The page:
Aside from that, in elementary schools, a policy of iPads-locked-away during break times will make sure they’re not on the playground while students are.
Recommended rules of usage
Students will generally cherish their iPads, and would be horrified if theirs was damaged, so they’re motivated to take good care of them from the outset. This is even more the case if the iPad is demonstrably and enduringly theirs, rather than whatever they grabbed from the shelf today.
Still though it’s important to have clear guidelines as to what “careful with an iPad” means. Obviously you’ll need to tailor for the age group and needs of your own class, but here are some common candidates for iPad physical usage guidelines:
- Clean hands. Art sessions with lots of messy paint are great. iPads are great. The combination, not so great.
- Two hands when carrying. Probably not necessary for your Year 12 Economics class; definitely a good idea for your Year 1.
- Keep it out of extreme temperatures. The recommended operating temperatures for an iPad are actually not all that different from those of a human being. If the sun streaming through a window makes a place in the classroom too hot to sit in, it’s too hot to store an iPad.
- No other object placed on iPads. So it doesn’t end up being sat on by mistake, because nobody could see it; also avoids pressure on the screen from other heavy objects. This includes leaning on the closed iPad.
- No liquids. Water and electrical devices. ‘nuff said.
- Locked away when you’re not with it. See the notes earlier in this chapter about security.
- Soft, dry cloth only for screen cleaning. No cleansers of any type to be used.
- Don’t lend it to other students. The consequences for breakage/misuse fall on the student who owns the iPad; they need to be in control of its destiny.
- No stickers/engravings/etchings. Especially for students who are used to covering lunchboxes and exercise books with whatever. School iPads should always look like they’ve just come out of the box for the first time.
- No disassembly or attempted repairs. As a sealed all-in-one unit, there’s limited scope for do-it-yourself repairs, but if something gets lodged in the lightning port, you don’t want students attempting extraction with a compass-point.
Particularly if your classroom is wifi enabled, an iPad is a gateway to pretty much every form of entertainment ever created. It’s not just readily distractible students who can succumb to the siren’s call; unless you want your iPad program to descend into FaceTube anarchy, there are two measures that need to be in place:
First of all, there has to be meaningful consequences for breaches of whatever usage code you establish—the prospect of suddenly being the only student in the class who is not allowed to work with iPads any more is usually sufficiently daunting. Show them some pencils and paper—or better still, slide rules, quills and ink—and let them know this will be their iPad Substitute during any (painfully lengthy) lockout period. Just like the olden days, when we were at school.
I know. The horror.
Secondly, it requires effective monitoring—or at the very least, the universally held belief among students that there is effective monitoring. Students are less likely to goof on their iPads if they know that at any given instant you can see exactly what they’re looking at.
This combination of use-it-the-wrong-way-and-lose-it with I-can-always-see-whatever-you’re-looking-at means that suddenly the whole idea of just quickly popping into FaceTube fails a cost-benefit analysis. You’re going to get caught, and you’re going to lose your iPad.
So how do you see what they’re seeing?
A low-tech solution is to simply invert traditional teacher positioning in the classroom, and place yourself behind all your students, so that they can’t tell whether you’re looking at their screen right now or not. The constant possibility that you might be makes goofing an uncomfortably risky prospect.
Another tactic is the random “freeze”. All students, hands in the air; anyone who doesn’t comply instantly loses their iPad for the day. The teacher is then able to wander the class and see what’s on every screen. If they suspect a student may have been quick enough to switch away from whatever they were doing, a quick double tap on the home button will bring up a history of which apps they were using.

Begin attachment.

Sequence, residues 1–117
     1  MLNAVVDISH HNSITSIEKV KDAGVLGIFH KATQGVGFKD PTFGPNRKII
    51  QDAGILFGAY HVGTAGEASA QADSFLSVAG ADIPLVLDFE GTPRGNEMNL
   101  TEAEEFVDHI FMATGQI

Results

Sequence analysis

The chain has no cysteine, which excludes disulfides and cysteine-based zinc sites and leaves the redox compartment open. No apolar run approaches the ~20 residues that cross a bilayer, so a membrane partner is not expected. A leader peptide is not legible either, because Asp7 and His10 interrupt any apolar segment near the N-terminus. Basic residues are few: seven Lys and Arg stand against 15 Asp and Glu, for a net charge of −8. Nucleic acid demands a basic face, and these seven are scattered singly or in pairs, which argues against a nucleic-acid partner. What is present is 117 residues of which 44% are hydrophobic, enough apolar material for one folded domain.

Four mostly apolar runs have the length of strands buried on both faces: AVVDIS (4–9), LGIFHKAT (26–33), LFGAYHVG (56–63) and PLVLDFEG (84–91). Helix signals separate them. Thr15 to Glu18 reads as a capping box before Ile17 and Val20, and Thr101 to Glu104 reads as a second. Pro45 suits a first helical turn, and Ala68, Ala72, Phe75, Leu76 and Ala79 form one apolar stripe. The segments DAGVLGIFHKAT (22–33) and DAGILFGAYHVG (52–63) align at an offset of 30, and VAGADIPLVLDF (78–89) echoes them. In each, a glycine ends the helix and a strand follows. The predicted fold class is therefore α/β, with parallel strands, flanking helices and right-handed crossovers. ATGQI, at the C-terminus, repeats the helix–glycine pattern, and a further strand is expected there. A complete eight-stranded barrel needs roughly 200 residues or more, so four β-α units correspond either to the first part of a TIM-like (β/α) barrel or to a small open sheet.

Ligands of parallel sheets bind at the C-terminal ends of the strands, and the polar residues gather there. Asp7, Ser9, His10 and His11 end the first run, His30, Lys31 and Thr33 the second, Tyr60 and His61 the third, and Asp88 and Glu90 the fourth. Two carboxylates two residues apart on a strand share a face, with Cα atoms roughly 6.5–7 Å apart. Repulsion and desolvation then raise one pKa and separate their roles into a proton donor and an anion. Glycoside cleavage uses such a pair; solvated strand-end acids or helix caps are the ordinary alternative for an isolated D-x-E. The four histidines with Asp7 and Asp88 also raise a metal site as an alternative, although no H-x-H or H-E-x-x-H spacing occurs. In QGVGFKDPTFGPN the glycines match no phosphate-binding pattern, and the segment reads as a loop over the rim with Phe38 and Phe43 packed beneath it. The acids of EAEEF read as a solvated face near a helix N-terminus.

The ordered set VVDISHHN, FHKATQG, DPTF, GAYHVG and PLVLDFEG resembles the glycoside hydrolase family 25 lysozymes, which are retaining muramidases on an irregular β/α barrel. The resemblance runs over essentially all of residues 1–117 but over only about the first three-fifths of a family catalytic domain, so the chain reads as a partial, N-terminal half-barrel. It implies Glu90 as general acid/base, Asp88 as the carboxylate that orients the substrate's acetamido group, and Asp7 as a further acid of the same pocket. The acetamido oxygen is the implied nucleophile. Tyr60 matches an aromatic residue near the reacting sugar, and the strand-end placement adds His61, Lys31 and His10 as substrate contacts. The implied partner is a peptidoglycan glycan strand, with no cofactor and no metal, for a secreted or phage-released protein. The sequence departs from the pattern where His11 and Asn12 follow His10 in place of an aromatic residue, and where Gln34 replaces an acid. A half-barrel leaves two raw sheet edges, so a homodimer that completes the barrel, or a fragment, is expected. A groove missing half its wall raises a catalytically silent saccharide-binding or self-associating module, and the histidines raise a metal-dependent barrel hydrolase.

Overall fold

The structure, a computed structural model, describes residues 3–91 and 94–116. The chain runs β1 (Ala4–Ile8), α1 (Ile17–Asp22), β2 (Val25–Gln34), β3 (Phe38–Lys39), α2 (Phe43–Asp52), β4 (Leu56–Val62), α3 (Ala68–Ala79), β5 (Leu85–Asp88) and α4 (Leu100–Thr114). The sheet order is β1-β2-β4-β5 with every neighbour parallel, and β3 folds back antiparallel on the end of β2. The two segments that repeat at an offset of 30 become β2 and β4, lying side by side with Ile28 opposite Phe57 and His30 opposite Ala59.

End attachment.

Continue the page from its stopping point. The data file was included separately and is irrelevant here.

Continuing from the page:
Again, it’s not the actual checks that have the impact here—it’s the constant and real possibility that a check might happen at any time.
But if you want to get serious about knowing exactly what’s going on at all times, then there’s a brilliant option in development from the team at NetSupport Schools. At the time of writing this edition of the book it was in beta only, but once released, the software will allow the teacher to see what’s on the screen of every iPad in the room—it actually will display every screen right there on the teacher’s own iPad. The teacher can zoom out for a bird’s eye view of all the screens, or zoom in to see individual screens up close…students will have no idea exactly when they’re being monitored like this, which is reason enough for the program to keep misuse in check.
You can also lock any student’s screen—or the class as a whole—to get their instant attention…
…all very exciting, but not here just yet. Keep an eye on netsupportschool.com for updates.
Bringing it all together: Licensing
The idea behind licensing is that students earn tiered access to iPads, by demonstrating that they’re responsible enough to be entrusted with each new level. Provide evidence to the contrary, and their license—and its attendant access privileges—can be downgraded.
There’s a number of parameters a license can target. One potent option is to use it to regulate access. So a student with a Level 1 license might have to surrender their iPad at the end of each school day; a Level 2 might be allowed to take theirs home on weekends; a Level 3 might be allowed to take it home every day.
Alternatively, the licenses might target ownership. So, for example, a Level 1 student might be required to share their iPad, a Level 2 might get an iPad to themselves, but only by “borrowing” one of the generic communal class iPads—it wouldn’t be theirs, and they might get an entirely different one next time; while a Level 3 student gets their own iPad, labelled with their name, and that’s permanently set aside for their own use.
You could also use a system like this to unlock access to additional apps. Students on Level 1 might just have access to a couple of very basic apps; students on Level 2 can choose 2 more; students on Level 3 can choose an additional 5, and so on.
The structure is up to you, but a tiered system like this is a powerful incentive to want to do the right thing—not everyone will end up with the top tier license, but the right students will.